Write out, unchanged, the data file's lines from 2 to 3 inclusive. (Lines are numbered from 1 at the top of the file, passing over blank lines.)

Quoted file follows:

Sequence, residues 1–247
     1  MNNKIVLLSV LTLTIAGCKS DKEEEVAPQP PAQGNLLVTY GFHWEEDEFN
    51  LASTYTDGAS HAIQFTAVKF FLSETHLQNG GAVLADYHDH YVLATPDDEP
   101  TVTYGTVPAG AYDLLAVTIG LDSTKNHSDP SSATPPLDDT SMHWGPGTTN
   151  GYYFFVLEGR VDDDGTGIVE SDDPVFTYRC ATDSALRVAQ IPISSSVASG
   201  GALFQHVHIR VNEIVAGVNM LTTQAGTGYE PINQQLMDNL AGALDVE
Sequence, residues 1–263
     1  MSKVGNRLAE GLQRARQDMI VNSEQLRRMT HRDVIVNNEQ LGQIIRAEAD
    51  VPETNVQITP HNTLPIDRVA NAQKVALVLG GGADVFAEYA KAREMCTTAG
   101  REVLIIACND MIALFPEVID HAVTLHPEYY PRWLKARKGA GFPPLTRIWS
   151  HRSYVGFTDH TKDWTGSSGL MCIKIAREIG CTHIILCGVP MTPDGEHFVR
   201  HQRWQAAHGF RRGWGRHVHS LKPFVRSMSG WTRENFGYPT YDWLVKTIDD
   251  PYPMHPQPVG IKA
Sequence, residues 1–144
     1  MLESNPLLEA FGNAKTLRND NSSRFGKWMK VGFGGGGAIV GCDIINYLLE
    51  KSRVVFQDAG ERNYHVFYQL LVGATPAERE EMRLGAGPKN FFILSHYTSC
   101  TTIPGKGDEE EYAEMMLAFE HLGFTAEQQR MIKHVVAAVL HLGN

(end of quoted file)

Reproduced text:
     1  MNNKIVLLSV LTLTIAGCKS DKEEEVAPQP PAQGNLLVTY GFHWEEDEFN
    51  LASTYTDGAS HAIQFTAVKF FLSETHLQNG GAVLADYHDH YVLATPDDEP